After advocating for the traditional public school system, Fox News reports Matt Damon proves that when it’s his own kids, he’ll take school choice.
Voorheesville Central School District superintendent Dr. Teresa Thayer Snyder knows test gaming well. Writing about the new Common Core State Standards aligned test results in New York, she says:
“…test developers control the scaled scores—indeed they have developed a draconian statistical formula that is elaborate, if indecipherable, to determine scaled scores. I would bet my house on the fact that over the next few years, scores will “improve”—not necessarily student learning, but scores. They must, because the State accepted millions and millions of dollars to increase student scores and increase graduation rates. If scores do not improve from this baseline, then those ‘powers that be’ will have a lot of explaining to do to justify having accepted those millions.”
Lots more money, inflating test scores – sound familiar? That is exactly what happened with Kentucky’s KIRIS and CATS assessments. Now, here comes Common Core. Want to bet that Snyder’s not going to lose her house?
Well-known education historian Diane Ravitch just got a heads up about a potential testing problem in New York’s new Common Core State Standards aligned tests.
“A teacher in upstate New York wrote me to say that the state English language arts test for 8th grade (written by Pearson) contained a passage that his students had read a week earlier—in a Pearson 8th grade textbook! The story is “Why Leaves Turn Color in Fall,” by Diane Ackerman.”
Wow! Talk about a neat marketing ploy. Buy our textbooks and your kids will already know what is on the state tests!
Clearly, this raises concerns for the validity and honesty in New York’s tests.
But, don’t relax, Kentucky. Guess which test publisher does our K-PREP grade 3 to 8 tests. It’s Pearson!
I wonder if any Kentucky teachers have spotted a similar problem here.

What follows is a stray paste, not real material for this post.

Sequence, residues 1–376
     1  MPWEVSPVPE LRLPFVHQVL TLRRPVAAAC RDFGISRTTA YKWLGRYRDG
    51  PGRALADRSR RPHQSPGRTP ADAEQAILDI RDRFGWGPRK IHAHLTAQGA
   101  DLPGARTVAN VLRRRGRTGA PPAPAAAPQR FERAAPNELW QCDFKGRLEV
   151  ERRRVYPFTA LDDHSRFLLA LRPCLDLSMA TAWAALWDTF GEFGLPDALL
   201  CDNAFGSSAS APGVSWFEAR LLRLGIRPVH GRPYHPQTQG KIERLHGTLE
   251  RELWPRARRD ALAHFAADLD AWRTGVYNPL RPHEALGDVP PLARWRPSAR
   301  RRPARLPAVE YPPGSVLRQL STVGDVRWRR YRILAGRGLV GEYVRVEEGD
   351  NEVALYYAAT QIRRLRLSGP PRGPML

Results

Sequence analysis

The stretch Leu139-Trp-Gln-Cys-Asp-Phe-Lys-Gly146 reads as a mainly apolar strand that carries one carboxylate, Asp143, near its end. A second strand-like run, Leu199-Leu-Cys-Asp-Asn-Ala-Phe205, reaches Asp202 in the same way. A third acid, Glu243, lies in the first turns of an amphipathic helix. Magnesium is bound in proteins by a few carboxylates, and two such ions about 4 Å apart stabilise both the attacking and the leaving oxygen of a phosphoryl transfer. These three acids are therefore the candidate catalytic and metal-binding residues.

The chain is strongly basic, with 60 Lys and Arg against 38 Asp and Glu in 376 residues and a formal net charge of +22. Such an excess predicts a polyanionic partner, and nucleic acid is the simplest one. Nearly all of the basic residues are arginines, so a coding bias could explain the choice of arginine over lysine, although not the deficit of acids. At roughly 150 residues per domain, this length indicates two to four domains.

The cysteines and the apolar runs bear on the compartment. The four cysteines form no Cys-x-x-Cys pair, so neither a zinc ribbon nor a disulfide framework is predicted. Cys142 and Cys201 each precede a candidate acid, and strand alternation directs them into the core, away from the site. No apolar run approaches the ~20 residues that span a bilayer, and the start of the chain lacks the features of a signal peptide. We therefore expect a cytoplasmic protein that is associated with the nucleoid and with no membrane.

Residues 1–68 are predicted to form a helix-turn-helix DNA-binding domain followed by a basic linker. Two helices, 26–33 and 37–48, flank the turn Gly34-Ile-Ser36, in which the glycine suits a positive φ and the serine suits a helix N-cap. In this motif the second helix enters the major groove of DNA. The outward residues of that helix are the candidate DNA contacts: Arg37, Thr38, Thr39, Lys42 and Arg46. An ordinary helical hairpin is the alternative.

For that matter, since both New York and Kentucky are supposedly administering Common Core aligned tests, now, I wonder if the exact same question was used on our K-PREP tests.
Eighth grade teachers, what can you tell us?
Eastern Kentucky has been hit hardest in recent years and, true, the disproportionate job losses in Appalachia are largely due to market factors. On the demand side, the falling price of natural gas has turned the attention of power plant operators away from coal in general. On the supply side, Eastern Kentucky has taken a particularly damaging hit as decades of coal mining has rendered the remaining supply of the black rock in Appalachia harder and harder – and more costly – to get to. That’s not even to mention the fact that Western Kentucky coal, formerly less desirable due to its higher sulfur content, is now more in vogue due to power plant emission controls.
The new EPA mandates finalized over the past two years, as well as President Obama’s newest executive orders taking advantage of climate change hysteria, could be the final nail in the coffin for Appalachia’s energy sector. Though Eastern Kentucky got to this point largely due to economic factors, these new regulations are designed to crystallize its dismal economic outlook. In the very likely case that market supply and demand factors do change – and they constantly are doing just that – Eastern Kentucky, and the nation’s entire coal industry for that matter, will not have a chance to rebound.
And that’s because the current administration’s draconian rules are designed to keep Kentucky coal precisely where it currently stands – at its lowest point in recorded history.
Our commonwealth remains one of only eight states without charter schools – publicly funded schools operated differently than the traditional public schools.
For example, the principal of a successful charter school doesn’t have to check with some overpaid bureaucrat at the central office to determine if the union contract allows him to hire the bright young math teacher sitting in front of him instead of being forced to employ a hanger-on coasting toward a big taxpayer-funded pension who long ago lost interest in teaching.
Also, teachers at the nation’s nearly 6,000 successful charter schools can stay past 2:45 in the afternoon – without risking the wrath of the union boss or jealous colleagues – to ensure that Little Johnny doesn’t get pushed into tomorrow’s new lesson without having fully mastered today’s material.
Here is an interesting article that says you cannot compare the results from new Common Core tests given in New York to those from Kentucky.
Weren’t we all told that was a major reason to go to CCSS??
I’ll see if there are any comments on this one, and then add more.